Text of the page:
Lisa Sowle Cahill Makes ‘the Ethical Case’ for Obamacare

November 16, 2012 | by the Office of Marketing and Communications

Roman Catholic bishops have swerved away from the full depth of Catholic social teachings in their overemphasis on fighting abortion, same-sex marriage and contraception, said theologian Lisa Sowle Cahill in a recent lecture at Elmhurst College.

For the church to regain a proper perspective on its moral teachings, she said, the Catholic faithful need to take a more active role in shaping the world in accordance with their theological traditions.

Cahill, a lifelong Catholic and outspoken member of the church’s liberal wing, is the J. Donald Monan, S.J., Professor of Christian Ethics at Boston College. She has published widely on the issues of theological ethics, just-war theory, sex and gender questions, and bioethics. In 2008 she worked with presidential candidate Barack Obama’s National Catholic Advisory Committee.

Presenting Elmhurst’s annual Cardinal Bernardin Lecture on November 14, Cahill made what she called “the ethical case for supporting the Affordable Care Act,” the signature domestic achievement of President Obama’s first administration, and carrying it to full implementation, even though the public is still divided on the law.

Like the rest of the general public, “we in the Catholic Church are divided on health care reform,” she said, “with abortion and reproductive health issues on one side, and covering everyone with services on the other side.”

Yet if one considers the full panoply of Catholic social teachings since the late 19th century, there ought to be room for a less contentious consensus, she argued. Cardinal Bernardin, archbishop of Chicago from 1982 until his death in 1996, promulgated “the consistent ethic of life,” which sought to create a space for civil conversation between pro-life Catholics and social-justice Catholics. He formed the Catholic Common Ground Initiative, of which Cahill is a member, to unite people of different points of view.

The condition of the U.S. health system shouldn’t be regarded only as a thorny political or economic issue; it also can be seen as a vehicle for carrying Catholic social teachings into the world, Cahill suggested. Catholic ethics define health care as an “essential human right,” contributing to the dignity of the person and the common good. Health care should serve the needs of all, including the poor, the elderly, the unborn and immigrants, whether legal or illegal, she said.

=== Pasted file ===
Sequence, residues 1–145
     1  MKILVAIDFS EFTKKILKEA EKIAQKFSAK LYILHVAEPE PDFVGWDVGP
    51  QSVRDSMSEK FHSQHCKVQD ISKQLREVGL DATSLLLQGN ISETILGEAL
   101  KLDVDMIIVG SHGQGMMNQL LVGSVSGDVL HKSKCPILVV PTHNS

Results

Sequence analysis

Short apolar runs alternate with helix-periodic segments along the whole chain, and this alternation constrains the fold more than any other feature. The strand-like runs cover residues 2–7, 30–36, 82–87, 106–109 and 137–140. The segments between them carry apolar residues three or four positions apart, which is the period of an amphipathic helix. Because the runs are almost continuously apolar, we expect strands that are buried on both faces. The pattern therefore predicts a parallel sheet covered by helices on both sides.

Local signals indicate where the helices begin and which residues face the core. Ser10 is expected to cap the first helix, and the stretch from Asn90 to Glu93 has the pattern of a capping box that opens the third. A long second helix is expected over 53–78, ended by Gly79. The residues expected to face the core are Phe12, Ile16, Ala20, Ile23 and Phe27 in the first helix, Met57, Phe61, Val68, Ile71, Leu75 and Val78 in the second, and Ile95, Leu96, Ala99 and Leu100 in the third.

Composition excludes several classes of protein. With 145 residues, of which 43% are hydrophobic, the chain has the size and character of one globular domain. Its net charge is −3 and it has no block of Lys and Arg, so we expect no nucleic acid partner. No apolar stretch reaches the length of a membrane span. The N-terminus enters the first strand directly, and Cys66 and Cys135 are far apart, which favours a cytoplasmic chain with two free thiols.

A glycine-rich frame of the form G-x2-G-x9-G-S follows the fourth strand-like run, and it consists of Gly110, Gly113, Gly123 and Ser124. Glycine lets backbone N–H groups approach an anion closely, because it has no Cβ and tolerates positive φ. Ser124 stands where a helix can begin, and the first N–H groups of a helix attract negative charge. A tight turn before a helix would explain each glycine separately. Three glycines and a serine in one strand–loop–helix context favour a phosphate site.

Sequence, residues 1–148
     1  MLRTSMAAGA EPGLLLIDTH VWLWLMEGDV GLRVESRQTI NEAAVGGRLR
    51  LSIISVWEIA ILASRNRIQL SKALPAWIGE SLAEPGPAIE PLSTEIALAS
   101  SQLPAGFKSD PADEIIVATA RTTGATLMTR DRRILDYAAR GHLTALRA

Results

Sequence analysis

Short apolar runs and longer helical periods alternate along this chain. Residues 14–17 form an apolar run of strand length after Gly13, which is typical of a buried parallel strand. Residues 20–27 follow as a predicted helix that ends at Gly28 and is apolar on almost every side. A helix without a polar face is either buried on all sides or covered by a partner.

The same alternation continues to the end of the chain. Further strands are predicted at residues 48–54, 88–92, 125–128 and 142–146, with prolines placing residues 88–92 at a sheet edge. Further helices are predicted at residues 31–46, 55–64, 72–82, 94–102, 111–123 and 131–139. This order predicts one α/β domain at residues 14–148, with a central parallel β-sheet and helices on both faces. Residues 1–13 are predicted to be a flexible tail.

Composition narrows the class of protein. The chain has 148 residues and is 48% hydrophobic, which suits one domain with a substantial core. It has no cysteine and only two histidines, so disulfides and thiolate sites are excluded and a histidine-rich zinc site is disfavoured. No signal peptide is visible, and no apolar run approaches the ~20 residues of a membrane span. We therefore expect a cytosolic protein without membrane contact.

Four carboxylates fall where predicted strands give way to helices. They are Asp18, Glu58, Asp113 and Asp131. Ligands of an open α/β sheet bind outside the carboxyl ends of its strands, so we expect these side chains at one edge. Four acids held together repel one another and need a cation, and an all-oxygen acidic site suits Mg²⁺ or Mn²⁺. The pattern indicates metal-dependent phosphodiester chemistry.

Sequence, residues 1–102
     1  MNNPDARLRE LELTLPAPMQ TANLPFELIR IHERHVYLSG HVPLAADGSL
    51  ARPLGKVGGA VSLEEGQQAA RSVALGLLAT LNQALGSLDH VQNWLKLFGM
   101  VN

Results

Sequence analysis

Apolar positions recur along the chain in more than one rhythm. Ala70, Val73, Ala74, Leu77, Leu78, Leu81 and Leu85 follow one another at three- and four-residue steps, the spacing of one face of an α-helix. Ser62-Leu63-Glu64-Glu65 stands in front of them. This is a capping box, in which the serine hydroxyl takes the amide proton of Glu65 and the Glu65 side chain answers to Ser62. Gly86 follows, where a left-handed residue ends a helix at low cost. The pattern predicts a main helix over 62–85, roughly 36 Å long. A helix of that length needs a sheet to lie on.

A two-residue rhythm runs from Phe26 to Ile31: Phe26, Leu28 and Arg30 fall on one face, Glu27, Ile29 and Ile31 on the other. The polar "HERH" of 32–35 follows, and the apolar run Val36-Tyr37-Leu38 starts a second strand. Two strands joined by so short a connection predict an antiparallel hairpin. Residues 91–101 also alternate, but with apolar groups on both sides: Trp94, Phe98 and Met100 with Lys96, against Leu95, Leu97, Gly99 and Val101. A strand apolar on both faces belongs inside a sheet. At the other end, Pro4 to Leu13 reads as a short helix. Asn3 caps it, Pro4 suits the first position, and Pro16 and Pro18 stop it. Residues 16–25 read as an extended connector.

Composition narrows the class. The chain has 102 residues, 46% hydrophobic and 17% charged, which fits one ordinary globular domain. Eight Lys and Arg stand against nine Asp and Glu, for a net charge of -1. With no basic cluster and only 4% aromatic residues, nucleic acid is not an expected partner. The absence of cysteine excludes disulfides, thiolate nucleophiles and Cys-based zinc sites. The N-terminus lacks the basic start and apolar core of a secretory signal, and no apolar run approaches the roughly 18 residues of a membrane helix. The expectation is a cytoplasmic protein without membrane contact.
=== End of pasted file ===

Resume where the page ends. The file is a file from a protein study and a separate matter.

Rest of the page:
The U.S. Catholic bishops, however, have altered the hierarchy of Catholic values to focus almost exclusively on abortion, contraception and issues of human sexuality, including gay marriage. Furthermore, Cahill argued, they have used the reform law’s requirements on funding contraception as a lever to assert that the Obama administration is restricting their freedom of religion.

In so doing, they have moved well beyond what the public supports and what lay Catholics think, Cahill said. Polling shows that most people do not believe religious liberty is under threat, and that Catholics are supportive of the law’s contraception coverage requirements.

The bishops’ campaign on this issue “is not getting traction among Catholics or other voters,” she pointed out, and may turn out to be politically imprudent.

Citing statistics demonstrating that the U.S. abortion rate, highest in the industrialized world, is linked to poverty, lack of education and inadequate access to health services, Cahill said that reducing abortion “calls on us to engage in the art of the possible.”

“There is a role for Catholic anti-abortion advocates in being equally anti-poverty and pro-healthcare reform,” she said. To be in solidarity with the goal of trying to reduce abortion “requires more than trying to make abortion illegal.” The goal should be to enhance the availability, sustainability and quality of health care, so that fewer women would consider abortion.

From this perspective, U.S. Catholic women religious “are the best prophets” on health reform, not the bishops, she argued.

“Why do we keep going back to the bishops? Why don’t we exercise leadership on our own behalf?” Cahill wondered. “Do the Vatican and bishops really want a smaller church” in which broader Catholic teachings are lost?

“I am disillusioned,” she concluded. “We need a more broad-based Catholicism.”

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